“#COVID-19 The taking of anti-inflammatories [ibuprofen, cortisone…] could be a factor in aggravating the infection. In case of fever, take paracetamol. If you are already taking anti-inflammatory drugs, ask your doctor’s advice.”
Olivier Véran, 14 March 2020 [in French]
French health minister Olivier Véran warned on Twitter that people suffering from Covid-19 should avoid taking anti-inflammatories like ibuprofen or cortisone. The comments made by Mr Véran, who is a qualified doctor and neurologist, have been widely reported in the British press.
Some health professionals have warned that paracetamol is preferable to ibuprofen, as it is less likely to cause side effects in people with underlying health issues, who are also more susceptible to Covid-19. (Cortisone is not commonly used in the UK to relieve symptoms like fever.)
Until March 16, when this article was first published, NHS advice for people self-isolating because of the new coronavirus recommended drinking lots of water and taking “everyday painkillers, such as paracetamol and ibuprofen, to help with your symptoms”.
However, the NHS has now changed this guidance. Although it says there is “currently no strong evidence that ibuprofen can make coronavirus (Covid-19) worse”, it recommends using paracetamol to treat the symptoms “until we have more information”. The exception to this is if a doctor has told you not to use paracetamol.
It adds that, if you are taking ibuprofen or other non-steroidal anti-inflammatories (NSAID) on the advice of a doctor, you should not stop doing so without checking first.
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Experts have warned paracetamol may be preferable to ibuprofen
Dr Charlotte Warren-Gash, associate professor of epidemiology at the London School of Hygiene and Tropical Medicine, said that NSAIDs like ibuprofen “should be prescribed with caution for people who have underlying health conditions”.
“For Covid-19, research is needed into the effects of specific NSAIDs among people with different underlying health conditions, which takes into account the severity of infection. In the meantime, for treating symptoms such as fever and sore throat, it seems sensible to stick to paracetamol as first choice.”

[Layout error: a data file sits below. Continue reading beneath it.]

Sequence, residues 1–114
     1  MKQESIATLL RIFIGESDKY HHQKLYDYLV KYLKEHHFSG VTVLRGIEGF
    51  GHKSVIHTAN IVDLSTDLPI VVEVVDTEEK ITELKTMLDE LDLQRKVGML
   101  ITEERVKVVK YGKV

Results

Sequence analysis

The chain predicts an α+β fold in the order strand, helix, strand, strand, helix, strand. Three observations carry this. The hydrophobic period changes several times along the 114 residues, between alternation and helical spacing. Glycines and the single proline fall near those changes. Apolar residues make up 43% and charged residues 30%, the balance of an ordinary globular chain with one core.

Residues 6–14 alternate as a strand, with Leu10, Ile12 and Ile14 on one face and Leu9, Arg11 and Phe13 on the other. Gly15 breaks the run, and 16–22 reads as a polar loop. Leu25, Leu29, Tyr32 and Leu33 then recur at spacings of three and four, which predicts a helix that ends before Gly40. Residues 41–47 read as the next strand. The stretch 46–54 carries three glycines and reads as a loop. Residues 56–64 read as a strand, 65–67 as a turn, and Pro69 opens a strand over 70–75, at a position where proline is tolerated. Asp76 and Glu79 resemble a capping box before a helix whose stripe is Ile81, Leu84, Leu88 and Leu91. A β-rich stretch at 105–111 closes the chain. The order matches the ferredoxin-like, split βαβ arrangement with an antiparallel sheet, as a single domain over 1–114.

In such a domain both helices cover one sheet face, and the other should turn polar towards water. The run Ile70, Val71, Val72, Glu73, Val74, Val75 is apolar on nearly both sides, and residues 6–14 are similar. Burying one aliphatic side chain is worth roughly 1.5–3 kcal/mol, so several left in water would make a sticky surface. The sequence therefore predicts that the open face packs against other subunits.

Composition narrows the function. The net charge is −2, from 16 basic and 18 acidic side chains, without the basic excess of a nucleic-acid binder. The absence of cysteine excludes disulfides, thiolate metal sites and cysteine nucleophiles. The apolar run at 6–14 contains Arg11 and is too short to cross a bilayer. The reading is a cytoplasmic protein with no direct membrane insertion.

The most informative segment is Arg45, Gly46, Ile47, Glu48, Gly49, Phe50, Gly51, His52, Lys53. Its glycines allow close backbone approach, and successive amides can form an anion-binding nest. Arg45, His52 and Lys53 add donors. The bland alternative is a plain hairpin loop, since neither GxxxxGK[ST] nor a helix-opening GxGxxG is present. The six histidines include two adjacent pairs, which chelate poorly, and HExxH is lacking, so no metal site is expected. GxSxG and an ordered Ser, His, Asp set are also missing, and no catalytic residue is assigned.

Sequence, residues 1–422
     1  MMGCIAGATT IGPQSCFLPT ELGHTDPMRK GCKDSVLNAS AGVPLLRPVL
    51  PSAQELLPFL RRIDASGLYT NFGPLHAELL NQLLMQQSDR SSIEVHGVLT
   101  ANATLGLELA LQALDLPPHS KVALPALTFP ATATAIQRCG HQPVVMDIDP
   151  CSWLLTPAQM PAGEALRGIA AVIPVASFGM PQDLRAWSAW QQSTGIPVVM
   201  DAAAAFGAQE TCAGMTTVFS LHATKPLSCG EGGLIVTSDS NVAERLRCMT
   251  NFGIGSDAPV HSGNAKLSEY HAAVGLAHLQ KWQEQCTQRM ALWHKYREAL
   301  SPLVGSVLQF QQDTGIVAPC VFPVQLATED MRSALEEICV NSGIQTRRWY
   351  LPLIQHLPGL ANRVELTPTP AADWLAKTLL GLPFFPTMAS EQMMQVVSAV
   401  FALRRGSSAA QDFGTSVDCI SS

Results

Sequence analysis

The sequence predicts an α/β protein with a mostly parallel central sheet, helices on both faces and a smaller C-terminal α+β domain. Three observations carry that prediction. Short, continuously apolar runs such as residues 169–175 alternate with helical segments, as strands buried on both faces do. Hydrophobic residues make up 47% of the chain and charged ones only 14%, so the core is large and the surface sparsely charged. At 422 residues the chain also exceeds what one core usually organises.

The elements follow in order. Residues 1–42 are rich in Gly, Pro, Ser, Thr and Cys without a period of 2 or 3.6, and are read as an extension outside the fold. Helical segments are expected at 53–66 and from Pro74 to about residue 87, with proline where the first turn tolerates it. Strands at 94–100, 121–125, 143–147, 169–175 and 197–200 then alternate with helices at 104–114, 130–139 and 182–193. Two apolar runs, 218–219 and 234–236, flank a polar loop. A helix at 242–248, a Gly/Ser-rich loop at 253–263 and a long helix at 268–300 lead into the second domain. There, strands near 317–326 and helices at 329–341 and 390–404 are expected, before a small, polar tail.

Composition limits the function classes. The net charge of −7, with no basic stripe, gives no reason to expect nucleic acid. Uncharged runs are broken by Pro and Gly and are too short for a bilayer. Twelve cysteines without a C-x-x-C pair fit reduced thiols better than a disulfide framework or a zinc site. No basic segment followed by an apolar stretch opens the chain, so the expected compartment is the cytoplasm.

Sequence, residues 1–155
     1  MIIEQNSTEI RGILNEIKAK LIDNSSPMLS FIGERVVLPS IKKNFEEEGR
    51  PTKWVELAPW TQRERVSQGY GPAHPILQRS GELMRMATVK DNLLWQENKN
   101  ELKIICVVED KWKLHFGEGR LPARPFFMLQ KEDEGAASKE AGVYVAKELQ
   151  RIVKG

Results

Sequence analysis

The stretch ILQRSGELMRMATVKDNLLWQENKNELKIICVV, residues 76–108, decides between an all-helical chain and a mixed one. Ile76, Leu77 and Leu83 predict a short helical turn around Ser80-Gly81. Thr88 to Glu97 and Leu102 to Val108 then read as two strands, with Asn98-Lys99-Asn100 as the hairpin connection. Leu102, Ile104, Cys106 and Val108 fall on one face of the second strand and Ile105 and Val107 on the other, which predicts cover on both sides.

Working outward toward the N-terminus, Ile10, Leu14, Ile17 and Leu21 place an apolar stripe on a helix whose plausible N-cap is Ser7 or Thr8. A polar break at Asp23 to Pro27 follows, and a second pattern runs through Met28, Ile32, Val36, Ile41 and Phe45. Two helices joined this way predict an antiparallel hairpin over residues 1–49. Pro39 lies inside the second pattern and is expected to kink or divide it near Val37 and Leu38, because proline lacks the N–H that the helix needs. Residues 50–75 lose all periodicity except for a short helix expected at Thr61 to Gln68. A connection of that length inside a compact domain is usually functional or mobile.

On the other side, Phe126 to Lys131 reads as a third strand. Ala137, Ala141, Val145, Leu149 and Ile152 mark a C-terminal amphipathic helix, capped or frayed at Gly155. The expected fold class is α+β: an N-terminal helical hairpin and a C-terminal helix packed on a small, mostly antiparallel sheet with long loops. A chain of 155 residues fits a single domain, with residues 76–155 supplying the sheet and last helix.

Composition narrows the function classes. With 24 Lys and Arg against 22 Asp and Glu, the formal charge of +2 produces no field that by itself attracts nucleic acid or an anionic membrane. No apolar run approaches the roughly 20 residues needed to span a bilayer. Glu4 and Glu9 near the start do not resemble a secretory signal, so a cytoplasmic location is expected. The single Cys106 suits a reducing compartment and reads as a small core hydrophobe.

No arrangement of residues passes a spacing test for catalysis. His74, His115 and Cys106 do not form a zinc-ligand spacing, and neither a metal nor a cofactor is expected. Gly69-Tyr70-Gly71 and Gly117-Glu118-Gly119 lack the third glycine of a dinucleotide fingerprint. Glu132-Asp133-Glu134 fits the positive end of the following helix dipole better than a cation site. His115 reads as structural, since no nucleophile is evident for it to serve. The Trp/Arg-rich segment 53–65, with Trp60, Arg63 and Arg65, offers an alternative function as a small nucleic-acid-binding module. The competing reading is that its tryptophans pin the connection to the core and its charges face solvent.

Dr Rupert Beale, group leader in cell biology of infection at The Francis Crick Institute, said: “There is good reason to avoid ibuprofen as it may exacerbate acute kidney injury brought on by any severe illness, including severe Covid-19 disease.
“There isn’t yet any widely accepted additional reason to avoid it for Covid-19.”
Professor Paul Little, professor of primary care research at the University of Southampton, said there was “sizeable literature” from case control studies in several countries that the complications of respiratory infections - whether respiratory, septic or cardiovascular complications - can be “more common when NSAIDs are used.”
He added that using paracetamol was “less likely to result in complications”.
The old advice from Public Health England
On 16 March, Public Health England confirmed there is not enough information on ibuprofen use and Covid-19 to advise people to stop using ibuprofen, and said there is no published scientific evidence that ibuprofen increases the risk of catching Covid-19 or makes the illness worse.
Full Fact contacted PHE for more information about the decision to change the NHS guidance the next day, but has not yet received a response.
Asked by the government’s health and science committee about the concerns over taking ibuprofen on 17 March, government chief scientific adviser Sir Patrick Vallance said the warnings “may or may not be right, I don’t know. But the sensible thing to do I think would be to say well don’t take it at the moment. Take something else, paracetamol or something.”
If taking any painkillers, you should always follow the instructions on the label and make sure you do not exceed the stated dose.
Patients prescribed NSAIDs for long-term health problems should take them as directed by a healthcare professional.